Driving at 1,000mph is risky in itself but imagine the scenario of a loose stone beneath the vehicle flipping up and penetrating the vehicle.
The team behind the Bloodhound Supersonic Car have done just that and have engaged Morgan Advanced Materials to develop a lightweight composite ballistic panel containing millions of woven glass fibres to absorb the energy of any projectiles that might hit them.
In order to test their panels, which have been fitted to both sides of Bloodhound’s carbon fibre cockpit, the team fired a projectile at them with 29KJ of energy.
The Bloodhound SSC project aims to break the current world land speed record of 763mph (1,227.92km/h) in 2015 and then to set a new world land speed record of 1,000mph (1,609.34km/h) in South Africa in 2016.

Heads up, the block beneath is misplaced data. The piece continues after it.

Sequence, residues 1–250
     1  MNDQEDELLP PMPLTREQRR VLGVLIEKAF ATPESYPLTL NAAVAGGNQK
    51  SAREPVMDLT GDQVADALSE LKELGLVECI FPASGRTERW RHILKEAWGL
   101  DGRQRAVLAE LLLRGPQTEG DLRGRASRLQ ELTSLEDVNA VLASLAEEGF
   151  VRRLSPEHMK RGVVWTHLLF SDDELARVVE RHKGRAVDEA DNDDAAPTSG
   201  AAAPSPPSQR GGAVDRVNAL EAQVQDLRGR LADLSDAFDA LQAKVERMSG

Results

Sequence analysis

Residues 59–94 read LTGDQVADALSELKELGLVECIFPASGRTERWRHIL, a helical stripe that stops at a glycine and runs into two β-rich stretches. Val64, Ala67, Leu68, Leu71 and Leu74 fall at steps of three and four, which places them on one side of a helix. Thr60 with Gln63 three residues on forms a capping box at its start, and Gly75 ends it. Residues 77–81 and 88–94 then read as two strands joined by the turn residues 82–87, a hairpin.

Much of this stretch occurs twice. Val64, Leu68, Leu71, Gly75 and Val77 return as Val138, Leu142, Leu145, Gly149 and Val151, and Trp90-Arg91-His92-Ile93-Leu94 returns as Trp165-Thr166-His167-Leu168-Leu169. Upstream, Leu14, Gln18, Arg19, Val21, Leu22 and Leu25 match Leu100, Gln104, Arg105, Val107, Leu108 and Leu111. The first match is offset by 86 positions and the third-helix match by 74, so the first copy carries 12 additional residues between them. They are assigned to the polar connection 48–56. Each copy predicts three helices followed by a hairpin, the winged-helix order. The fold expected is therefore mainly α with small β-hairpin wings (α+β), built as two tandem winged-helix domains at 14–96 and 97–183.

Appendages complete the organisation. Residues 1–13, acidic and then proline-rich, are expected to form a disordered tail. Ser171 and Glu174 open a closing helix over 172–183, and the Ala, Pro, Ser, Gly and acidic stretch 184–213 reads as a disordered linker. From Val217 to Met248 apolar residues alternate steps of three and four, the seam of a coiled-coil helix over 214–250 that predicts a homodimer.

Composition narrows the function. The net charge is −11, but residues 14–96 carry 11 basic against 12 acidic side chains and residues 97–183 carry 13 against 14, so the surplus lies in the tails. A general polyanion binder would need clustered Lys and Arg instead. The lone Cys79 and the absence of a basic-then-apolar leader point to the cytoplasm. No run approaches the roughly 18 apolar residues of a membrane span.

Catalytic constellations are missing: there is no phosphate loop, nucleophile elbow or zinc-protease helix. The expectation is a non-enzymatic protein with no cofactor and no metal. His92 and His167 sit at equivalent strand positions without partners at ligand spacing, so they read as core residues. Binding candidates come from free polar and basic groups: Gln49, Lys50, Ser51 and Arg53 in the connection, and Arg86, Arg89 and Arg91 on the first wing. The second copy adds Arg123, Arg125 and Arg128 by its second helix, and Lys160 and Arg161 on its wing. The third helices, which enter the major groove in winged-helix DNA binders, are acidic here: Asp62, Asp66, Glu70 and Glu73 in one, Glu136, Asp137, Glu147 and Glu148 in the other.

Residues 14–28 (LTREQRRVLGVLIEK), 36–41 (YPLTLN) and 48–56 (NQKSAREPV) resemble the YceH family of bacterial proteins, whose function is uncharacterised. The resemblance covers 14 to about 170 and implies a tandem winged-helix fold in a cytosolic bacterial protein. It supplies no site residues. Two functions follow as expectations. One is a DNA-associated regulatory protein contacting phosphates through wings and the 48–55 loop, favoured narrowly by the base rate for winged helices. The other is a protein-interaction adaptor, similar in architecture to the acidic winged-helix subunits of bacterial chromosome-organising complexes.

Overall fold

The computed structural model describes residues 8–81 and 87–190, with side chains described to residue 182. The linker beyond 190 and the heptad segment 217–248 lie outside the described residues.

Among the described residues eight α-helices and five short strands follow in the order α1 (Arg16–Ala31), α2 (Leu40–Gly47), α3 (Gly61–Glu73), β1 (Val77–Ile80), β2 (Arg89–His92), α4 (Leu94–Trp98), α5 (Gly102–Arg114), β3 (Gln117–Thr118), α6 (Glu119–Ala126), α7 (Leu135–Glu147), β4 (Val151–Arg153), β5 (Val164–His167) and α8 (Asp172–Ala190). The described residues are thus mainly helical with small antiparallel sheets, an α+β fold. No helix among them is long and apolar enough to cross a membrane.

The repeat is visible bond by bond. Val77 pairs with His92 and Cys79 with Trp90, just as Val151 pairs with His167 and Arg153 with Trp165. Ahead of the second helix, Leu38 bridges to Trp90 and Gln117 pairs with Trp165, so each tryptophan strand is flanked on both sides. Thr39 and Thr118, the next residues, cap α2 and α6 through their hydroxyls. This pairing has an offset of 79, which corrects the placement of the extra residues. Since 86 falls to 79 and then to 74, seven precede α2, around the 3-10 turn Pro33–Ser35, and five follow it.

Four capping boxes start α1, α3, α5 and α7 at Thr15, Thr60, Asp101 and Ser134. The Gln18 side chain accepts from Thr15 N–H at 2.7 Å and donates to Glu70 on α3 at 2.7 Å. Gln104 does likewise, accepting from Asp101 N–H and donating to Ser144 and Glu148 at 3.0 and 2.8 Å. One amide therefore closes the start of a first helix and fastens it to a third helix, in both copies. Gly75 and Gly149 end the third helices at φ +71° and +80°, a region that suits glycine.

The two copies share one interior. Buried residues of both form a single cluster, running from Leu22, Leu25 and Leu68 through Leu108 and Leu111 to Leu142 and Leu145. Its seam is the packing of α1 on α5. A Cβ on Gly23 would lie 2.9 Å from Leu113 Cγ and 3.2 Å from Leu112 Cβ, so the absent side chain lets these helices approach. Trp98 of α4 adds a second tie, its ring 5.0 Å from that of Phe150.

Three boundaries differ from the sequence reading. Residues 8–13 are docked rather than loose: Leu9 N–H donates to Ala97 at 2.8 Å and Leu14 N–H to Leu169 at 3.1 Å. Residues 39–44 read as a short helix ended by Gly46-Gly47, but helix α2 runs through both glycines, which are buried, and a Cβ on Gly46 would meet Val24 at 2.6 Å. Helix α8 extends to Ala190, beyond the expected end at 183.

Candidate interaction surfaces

At 1,000mph, Bloodhound SSC’s solid aluminium wheels will rotate at 10,200 rpm and generate 50,000 radial g at the rim.
The wheels have been forged using a 3,600 tonne hot press and a 20,000 cold press to ensure the metals internal grain structure radiates out like the spokes of a wheel, but they could still fail if they hit a stone hidden beneath the surface of the vehicle’s desert race track.
Similarly, if a piece of the wheel were to fly off, or a stone lying just under the surface of the desert were to flick up, they could penetrate the incredibly strong carbon composite cockpit.
More on The Engineer’s coverage of the Bloodhound SSC project can be found here.